It's not every day you get to see a film about people from your hometown on the big screen while it is being launched nationally.
It is even less likely that you'll be sitting in the same audience as the main character.
On Sunday, October 10, I went to watch the bushfire documentary 'A Fire Inside' to write about the film for my paper Bega District News.
Having grown up in the Bega Valley and living in Jellat Jellat, I was naturally drawn to hearing the first-hand experience of senior deputy captain Nathan Barnden from the Jellat Rural Fire Brigade.
Little did I know that coming out of the cinema, I would have the chance to meet and discuss the movie with Nathan himself.
Like most people, reminders of the fires are mostly brought back by seeing or smelling smoke and I was worried seeing footage of the fires in the film might trigger some unsettling emotions.
I was apprehensive that this film might revolve around the re-telling of traumatic stories, but instead it focused on the incredible ways humanity rises up during times of crisis.
The film did a spectacular job of conveying the story less spoken, the story behind the RFS uniform and the long-term psychological impacts that our voluntary firefighters experience.
To say it brought a tear to my eye at least once is an understatement. I laughed, I cried, I smiled and above all I was inspired, truly inspired, by the remarkable acts of bravery I saw in this film.
Like all of us watching movies based on real life, it strikes us differently.
I think that's why none of us moved during the film, no-one even seemed interested in our popcorn, our eyes just glued to the screen.
While watching some of the most emotional scenes, I felt a tension about the room, an unspoken understanding as we watched and listened to the stories of people from our local community, the people we have to thank for their extraordinary acts of humanity.
This film serves as a reminder of these powerful stories, and most importantly it transmits the message that it is not only alright to speak up and seek support, but necessary after these hard and traumatic times.
With a subject as intense and close to home as this, this film needed to be sensitive and considerate in how they would recreate and retell the stories. I believe it excelled in doing so.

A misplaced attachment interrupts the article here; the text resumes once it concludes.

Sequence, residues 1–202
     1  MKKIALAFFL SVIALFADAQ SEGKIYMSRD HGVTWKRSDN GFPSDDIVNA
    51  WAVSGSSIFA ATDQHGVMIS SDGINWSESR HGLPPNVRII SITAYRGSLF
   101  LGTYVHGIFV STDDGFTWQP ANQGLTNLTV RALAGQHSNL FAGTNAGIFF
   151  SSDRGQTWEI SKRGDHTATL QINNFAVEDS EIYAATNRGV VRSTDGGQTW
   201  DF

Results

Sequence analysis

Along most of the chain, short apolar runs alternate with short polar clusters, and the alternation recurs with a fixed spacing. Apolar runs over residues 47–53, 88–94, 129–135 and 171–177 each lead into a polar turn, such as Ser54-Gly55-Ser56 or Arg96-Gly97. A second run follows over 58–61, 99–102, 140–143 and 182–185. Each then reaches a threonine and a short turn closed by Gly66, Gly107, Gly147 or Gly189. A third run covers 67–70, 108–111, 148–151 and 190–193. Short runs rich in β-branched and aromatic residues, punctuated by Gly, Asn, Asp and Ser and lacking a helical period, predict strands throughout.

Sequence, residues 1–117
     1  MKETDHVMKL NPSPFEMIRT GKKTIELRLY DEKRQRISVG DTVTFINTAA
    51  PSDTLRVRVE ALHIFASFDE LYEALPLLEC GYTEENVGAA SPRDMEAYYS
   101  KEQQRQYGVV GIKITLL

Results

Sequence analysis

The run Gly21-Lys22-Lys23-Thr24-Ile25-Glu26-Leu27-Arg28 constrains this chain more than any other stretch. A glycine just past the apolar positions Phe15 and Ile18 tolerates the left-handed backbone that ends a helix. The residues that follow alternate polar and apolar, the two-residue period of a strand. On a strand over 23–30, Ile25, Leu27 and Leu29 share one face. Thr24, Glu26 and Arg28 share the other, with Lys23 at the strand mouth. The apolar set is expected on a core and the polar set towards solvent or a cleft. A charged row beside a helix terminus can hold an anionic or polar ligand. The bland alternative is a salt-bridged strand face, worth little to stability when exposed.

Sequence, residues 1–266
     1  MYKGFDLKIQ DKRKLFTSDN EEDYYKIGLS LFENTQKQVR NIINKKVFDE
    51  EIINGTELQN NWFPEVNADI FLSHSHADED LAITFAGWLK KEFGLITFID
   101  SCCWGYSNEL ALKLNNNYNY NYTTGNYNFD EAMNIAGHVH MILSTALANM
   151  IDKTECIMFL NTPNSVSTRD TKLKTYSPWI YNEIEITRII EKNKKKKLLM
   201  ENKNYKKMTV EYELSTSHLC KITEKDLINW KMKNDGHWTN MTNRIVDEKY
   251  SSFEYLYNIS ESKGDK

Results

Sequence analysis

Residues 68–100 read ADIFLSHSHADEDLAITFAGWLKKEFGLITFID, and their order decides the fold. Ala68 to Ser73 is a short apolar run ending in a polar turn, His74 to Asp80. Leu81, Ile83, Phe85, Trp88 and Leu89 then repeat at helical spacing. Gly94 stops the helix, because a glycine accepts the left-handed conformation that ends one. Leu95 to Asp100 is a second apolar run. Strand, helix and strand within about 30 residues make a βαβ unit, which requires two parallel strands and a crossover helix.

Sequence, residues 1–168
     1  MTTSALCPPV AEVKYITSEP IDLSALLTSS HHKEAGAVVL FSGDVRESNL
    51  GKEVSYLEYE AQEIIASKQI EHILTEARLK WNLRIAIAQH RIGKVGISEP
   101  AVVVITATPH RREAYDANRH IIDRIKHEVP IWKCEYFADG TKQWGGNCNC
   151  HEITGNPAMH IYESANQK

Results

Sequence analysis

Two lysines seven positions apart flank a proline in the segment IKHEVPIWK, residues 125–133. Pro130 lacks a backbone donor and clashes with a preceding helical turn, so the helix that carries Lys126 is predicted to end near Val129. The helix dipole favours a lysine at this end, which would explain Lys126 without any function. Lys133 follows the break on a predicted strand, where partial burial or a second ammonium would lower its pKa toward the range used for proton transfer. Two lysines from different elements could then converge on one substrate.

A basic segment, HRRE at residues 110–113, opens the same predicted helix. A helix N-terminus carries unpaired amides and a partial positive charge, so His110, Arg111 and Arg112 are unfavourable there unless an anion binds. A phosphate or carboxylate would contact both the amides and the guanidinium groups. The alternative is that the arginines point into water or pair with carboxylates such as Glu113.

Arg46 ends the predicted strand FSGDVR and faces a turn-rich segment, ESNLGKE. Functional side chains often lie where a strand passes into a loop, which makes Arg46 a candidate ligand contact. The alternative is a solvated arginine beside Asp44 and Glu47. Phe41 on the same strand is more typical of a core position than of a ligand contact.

Nathan shares his thoughts on seeing the film on the big screen
Nathan said the film focuses on "what mattered", which he believes is the narrative of human behaviour and the ways people came together during times of crisis.
"I think that's what made it such a rewarding movie to be a part of, it really focused on why people did what they did," he said.
Nathan said taking part in this film has really helped him heal and process the things he experienced.
"It was actually quite a strange but unbelievably nice healing process for me, because it challenged me to look at my own mental health and where I was at, but also, it gave me an outlet to see some of the things that I probably wouldn't have seen."
Nathan said the firefighters were so busy on the frontline, they hadn't necessarily seen the "armies of volunteers" helping to feed people nor the ways communities came together to house individuals who lost their homes.
It was a very sensitive approach to how individuals coped, and in some cases, how people still aren't coping now.Nathan Barnden
"When you're a firefighter, and you're out doing your role across such an extended period of time, you don't get to see a lot of what the community is doing in the background," he said
"For me that was such a touching moment, to see people who I've grown up with or known in my own community, giving back in a time of absolute crisis."
Nathan said the team working for FINCH film production, had done a "good job of walking some very sensitive topics".
"Disasters like that is a hard thing to try and talk about, without pushing a climate change agenda either way, or walking the line of what agencies and governments did or didn't do," he said.
"They did really well to avoid those things and to focus on what mattered and that was the humanity of people and what people did in times of crisis."
Nathan thinks the film successfully portrayed the strength of community resilience as well as the psychological impacts of the fires.
"I think they've also done a really good job of portraying the way the community banded together, but also the way people were hurt without overstepping that line," Nathan said.
"It was a very sensitive approach to how individuals coped, and in some cases, how people still aren't coping now."
Nathan said he often feels that, for the right or wrong reasons, he has been fortunate, and unfortunate, to get extensive media coverage on his experiences with the rescues and the loss of his family. He hopes he can use it to help others.
"If I can use that, to help somebody else get the help they need or to make sure that people are better prepared for the next major fire season, then that makes it all worthwhile."
Nathan said the takeaway message is for people to feel inspired by the communities around them and to take care of each other.
"I really hope that people walk away with an understanding that life is fragile, and that every moment we do get to live, should be lived to its fullest."
A Fire Inside is screening at the Picture Show Man Twin Cinema in Merimbula.
Managing director of the cinema Jesse Tankard said there was no definitive end date set for screenings yet, but is hopeful to keep the film screening into November, and if possible in December for when non-vaccinated people can return to the cinema
Visit the cinema's website to find out about session times, and for bookings call 6495 3744.